MS Living Well Podcast: Multiple Sclerosis Biomarkers including Blood Tests
Rapid recent advancements have led to blood tests (biomarkers) to track multiple sclerosis disease activity. A biomarker is a something that can be measured to check normal functioning or the impact of a disease. Blood biomarkers are common in medicine to measure response to therapy such as measuring hemoglobin A1c levels for diabetic control and cholesterol levels for high cholesterol treatment.
Injury to nerve cells (neurons) and other cells in the brain and spinal cord can be measured in the blood by checking levels of proteins such as neurofilament light chains (NfL) and glial fibrillary acid protein (GFAP). One panel of these blood markers helps identify people with multiple sclerosis with current active MRI scans. The future of MS biomarkers involves blood tests to diagnose multiple sclerosis, select the best treatment for an individual and measure treatment response.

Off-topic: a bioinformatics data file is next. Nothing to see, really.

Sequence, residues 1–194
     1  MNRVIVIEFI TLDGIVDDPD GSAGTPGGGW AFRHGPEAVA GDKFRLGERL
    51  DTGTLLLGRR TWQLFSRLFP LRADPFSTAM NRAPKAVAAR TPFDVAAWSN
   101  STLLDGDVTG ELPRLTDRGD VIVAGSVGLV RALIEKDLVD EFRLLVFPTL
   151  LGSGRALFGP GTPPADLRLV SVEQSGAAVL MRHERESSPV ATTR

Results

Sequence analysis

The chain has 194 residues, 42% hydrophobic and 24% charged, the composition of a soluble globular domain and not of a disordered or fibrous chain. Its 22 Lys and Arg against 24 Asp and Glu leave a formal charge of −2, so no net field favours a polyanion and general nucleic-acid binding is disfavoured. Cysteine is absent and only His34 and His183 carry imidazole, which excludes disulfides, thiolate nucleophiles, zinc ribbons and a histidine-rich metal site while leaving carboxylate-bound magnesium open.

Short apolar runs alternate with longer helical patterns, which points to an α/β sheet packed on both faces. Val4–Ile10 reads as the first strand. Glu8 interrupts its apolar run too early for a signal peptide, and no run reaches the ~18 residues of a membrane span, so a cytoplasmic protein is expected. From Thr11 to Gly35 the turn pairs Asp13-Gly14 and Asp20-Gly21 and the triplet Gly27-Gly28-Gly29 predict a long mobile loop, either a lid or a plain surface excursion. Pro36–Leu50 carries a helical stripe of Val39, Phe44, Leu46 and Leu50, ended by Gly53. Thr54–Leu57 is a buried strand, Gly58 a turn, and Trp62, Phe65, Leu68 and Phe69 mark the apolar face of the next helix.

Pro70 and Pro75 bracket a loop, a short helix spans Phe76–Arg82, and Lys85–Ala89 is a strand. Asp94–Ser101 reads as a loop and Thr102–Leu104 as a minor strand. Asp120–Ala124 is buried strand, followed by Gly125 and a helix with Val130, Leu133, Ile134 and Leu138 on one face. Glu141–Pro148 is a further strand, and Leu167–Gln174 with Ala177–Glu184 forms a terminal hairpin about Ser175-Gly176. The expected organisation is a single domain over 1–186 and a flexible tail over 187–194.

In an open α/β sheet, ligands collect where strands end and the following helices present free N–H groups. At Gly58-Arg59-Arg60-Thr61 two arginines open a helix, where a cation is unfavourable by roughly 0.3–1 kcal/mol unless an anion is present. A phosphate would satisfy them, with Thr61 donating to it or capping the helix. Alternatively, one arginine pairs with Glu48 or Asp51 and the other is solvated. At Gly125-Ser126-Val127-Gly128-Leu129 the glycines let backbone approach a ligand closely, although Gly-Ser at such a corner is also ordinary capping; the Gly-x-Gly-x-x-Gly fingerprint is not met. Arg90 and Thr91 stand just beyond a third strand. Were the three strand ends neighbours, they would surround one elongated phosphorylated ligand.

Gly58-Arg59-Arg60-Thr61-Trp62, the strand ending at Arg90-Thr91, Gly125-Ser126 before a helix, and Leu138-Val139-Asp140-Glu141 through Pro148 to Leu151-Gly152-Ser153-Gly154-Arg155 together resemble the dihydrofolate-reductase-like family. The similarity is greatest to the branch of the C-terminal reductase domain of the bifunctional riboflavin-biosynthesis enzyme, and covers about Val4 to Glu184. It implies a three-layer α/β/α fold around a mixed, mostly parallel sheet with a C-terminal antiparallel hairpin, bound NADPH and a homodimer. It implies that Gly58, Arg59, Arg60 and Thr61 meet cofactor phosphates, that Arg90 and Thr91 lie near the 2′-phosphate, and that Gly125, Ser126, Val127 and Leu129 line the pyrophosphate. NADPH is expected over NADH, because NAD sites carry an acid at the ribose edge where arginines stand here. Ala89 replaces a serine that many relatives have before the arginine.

Tanuja Chitnis MD is a Professor of Neurology at Harvard Medical School. Dr. Chitnis is Director of both MGB Pediatric Multiple Sclerosis Center and Translational Neuroimmunology Research Center at Brigham and Women’s Hospital. She is also Co-Director of the Brigham Multiple Sclerosis Center at Brigham and Women’s Hospital. She oversees a team of analysts and postdoctoral fellows working to identify biomarkers for precision treatment in MS patients. She has authored over 250 publications and reviews related to MS and demyelinating disorders.
BY: Barry Singer, MD DATE: April 26, 2022 TOPIC: Podcasts